Underweight Model Ban in Israel

By Lissette Talledo

The Israeli government has passed a law which bans the use of underweight models. Publications will have to specify if the image has been manipulated to make the model appear thinner. Models in Israel are now required to have a Body Mass Index (BMI) of at least 18.5 percent. They will have to present updated medical records of their weight when applying to jobs. Supporters say the images of underweight models contribute to eating disorders in young girls. In Israel currently, around 2 percent of girls ages 14 to 18 have severe eating disorders. Critics say the focus should be on the model’s health instead of her weight since some are naturally thin.

1 Comment

  1. DeAngelo H. said,

    April 4, 2012 at 11:51 pm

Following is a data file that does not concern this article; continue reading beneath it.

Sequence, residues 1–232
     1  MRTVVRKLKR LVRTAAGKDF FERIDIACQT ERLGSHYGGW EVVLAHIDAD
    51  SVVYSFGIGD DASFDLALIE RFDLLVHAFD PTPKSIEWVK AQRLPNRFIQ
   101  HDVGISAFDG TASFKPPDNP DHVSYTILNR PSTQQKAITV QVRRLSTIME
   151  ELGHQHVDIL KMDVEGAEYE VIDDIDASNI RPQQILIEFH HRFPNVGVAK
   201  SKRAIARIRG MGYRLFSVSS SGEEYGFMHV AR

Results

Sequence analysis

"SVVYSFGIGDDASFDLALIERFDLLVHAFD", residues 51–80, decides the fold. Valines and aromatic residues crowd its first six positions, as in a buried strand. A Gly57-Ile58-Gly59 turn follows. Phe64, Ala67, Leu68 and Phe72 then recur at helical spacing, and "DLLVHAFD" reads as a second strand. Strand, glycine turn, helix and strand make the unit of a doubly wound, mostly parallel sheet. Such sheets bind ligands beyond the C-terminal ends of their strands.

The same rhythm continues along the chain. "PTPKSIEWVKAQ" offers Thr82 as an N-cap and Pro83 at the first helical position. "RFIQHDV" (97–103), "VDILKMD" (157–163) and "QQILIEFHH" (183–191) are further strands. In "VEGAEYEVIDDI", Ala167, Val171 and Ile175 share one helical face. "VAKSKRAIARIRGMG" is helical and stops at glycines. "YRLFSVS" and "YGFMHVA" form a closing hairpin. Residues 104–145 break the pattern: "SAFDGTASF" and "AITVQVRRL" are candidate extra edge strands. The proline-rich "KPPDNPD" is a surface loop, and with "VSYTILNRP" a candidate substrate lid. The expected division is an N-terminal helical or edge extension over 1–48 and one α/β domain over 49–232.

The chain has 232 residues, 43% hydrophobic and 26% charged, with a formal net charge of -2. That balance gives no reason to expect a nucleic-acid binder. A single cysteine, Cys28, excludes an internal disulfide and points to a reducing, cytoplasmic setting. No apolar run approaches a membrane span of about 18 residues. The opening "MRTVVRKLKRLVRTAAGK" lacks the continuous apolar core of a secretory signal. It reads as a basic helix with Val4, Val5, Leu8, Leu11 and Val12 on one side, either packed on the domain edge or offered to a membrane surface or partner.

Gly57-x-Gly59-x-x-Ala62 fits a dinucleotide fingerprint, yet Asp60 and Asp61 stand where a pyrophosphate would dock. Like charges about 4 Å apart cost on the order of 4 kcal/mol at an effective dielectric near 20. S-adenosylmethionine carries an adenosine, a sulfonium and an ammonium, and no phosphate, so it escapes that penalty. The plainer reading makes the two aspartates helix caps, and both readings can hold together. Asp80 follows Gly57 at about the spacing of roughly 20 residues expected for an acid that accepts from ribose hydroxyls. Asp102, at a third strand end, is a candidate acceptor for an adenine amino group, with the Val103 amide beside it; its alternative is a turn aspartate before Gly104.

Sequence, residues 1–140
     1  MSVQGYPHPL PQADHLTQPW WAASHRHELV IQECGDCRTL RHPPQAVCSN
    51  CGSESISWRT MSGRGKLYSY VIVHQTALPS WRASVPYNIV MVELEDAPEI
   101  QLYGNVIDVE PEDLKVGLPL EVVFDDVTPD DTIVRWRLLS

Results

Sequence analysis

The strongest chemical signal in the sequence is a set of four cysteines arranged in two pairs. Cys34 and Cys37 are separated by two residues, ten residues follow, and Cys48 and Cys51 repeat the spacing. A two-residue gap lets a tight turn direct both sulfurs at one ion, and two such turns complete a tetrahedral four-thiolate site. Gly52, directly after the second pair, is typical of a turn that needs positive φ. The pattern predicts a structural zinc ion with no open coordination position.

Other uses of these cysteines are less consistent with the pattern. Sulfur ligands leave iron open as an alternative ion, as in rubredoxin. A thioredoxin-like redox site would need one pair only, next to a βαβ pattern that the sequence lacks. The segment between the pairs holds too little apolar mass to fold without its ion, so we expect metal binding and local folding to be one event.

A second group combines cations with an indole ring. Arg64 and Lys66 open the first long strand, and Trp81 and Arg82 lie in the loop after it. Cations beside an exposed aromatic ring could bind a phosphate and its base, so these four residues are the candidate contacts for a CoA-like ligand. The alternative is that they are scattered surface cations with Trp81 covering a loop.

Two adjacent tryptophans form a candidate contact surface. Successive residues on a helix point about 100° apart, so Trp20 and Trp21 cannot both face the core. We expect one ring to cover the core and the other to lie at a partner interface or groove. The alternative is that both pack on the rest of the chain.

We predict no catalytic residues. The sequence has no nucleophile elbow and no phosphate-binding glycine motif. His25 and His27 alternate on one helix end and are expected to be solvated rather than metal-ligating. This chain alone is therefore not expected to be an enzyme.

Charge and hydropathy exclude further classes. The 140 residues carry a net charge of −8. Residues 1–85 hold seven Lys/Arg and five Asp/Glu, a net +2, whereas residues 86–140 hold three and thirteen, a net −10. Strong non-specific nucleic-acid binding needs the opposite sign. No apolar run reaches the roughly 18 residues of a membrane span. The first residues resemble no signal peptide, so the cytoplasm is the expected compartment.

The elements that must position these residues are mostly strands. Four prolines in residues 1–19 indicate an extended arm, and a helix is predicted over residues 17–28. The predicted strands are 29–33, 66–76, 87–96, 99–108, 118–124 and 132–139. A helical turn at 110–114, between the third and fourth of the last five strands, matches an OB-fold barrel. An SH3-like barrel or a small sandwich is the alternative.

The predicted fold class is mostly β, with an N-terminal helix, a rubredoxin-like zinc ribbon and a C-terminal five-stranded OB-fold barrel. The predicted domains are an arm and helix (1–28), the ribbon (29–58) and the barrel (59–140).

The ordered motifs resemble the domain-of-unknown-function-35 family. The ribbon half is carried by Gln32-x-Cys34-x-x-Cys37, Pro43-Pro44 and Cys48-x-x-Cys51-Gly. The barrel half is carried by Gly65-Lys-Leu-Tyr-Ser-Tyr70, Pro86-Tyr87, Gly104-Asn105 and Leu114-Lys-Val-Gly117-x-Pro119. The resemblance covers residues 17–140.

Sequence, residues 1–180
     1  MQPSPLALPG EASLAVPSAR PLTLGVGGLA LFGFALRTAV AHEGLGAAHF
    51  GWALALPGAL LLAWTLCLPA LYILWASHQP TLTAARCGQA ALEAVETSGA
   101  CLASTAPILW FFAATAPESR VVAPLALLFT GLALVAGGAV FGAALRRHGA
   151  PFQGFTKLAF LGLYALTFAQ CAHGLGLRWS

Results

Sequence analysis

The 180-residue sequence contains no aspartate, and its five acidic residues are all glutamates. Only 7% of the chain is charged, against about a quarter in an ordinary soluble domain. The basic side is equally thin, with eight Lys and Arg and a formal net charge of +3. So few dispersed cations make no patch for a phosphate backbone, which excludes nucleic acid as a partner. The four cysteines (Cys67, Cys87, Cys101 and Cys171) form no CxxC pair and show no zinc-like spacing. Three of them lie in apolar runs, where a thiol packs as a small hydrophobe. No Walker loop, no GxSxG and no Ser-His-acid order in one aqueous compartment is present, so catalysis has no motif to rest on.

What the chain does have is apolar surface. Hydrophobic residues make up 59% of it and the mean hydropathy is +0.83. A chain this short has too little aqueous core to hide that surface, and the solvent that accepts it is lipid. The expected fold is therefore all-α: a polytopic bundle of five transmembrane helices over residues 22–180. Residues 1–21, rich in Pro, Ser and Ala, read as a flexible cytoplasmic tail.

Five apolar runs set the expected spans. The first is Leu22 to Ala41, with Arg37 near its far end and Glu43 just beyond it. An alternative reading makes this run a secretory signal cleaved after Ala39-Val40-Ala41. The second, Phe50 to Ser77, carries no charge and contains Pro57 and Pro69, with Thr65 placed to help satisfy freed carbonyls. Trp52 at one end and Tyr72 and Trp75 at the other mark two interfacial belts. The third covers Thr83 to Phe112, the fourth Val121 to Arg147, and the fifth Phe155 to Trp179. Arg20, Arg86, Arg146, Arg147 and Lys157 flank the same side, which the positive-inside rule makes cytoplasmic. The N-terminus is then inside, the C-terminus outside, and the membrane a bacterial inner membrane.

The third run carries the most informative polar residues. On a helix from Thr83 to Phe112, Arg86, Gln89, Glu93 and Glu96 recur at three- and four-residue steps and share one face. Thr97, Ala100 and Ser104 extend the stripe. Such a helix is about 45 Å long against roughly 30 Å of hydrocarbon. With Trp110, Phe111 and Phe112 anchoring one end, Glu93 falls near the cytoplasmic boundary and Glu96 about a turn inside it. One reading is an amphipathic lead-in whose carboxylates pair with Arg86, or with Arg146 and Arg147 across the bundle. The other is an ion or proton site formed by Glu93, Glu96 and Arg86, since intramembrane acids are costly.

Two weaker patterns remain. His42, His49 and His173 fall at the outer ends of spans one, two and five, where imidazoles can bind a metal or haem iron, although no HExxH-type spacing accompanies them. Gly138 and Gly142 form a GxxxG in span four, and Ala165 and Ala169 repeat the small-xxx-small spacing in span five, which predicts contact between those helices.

Eating disorders such as anorexia and bulimia stem for negative perceptions of ones own body image. However these perceptions wouldn’t be as strong if it wasn’t for mainstream media and advertisements. Israel has taken a historical step in addressing the root of the problem. By making it mandatory for models to have a 18.5 body index Israel is minimizing the amount of young women who strive to look like the models in the magazines with unrealistic measurements. This would be a great piece of legislation to implement in the United States where young women are routinely bombarded with images of hyper-sexualized and photoshoped images of idealized mythical models.

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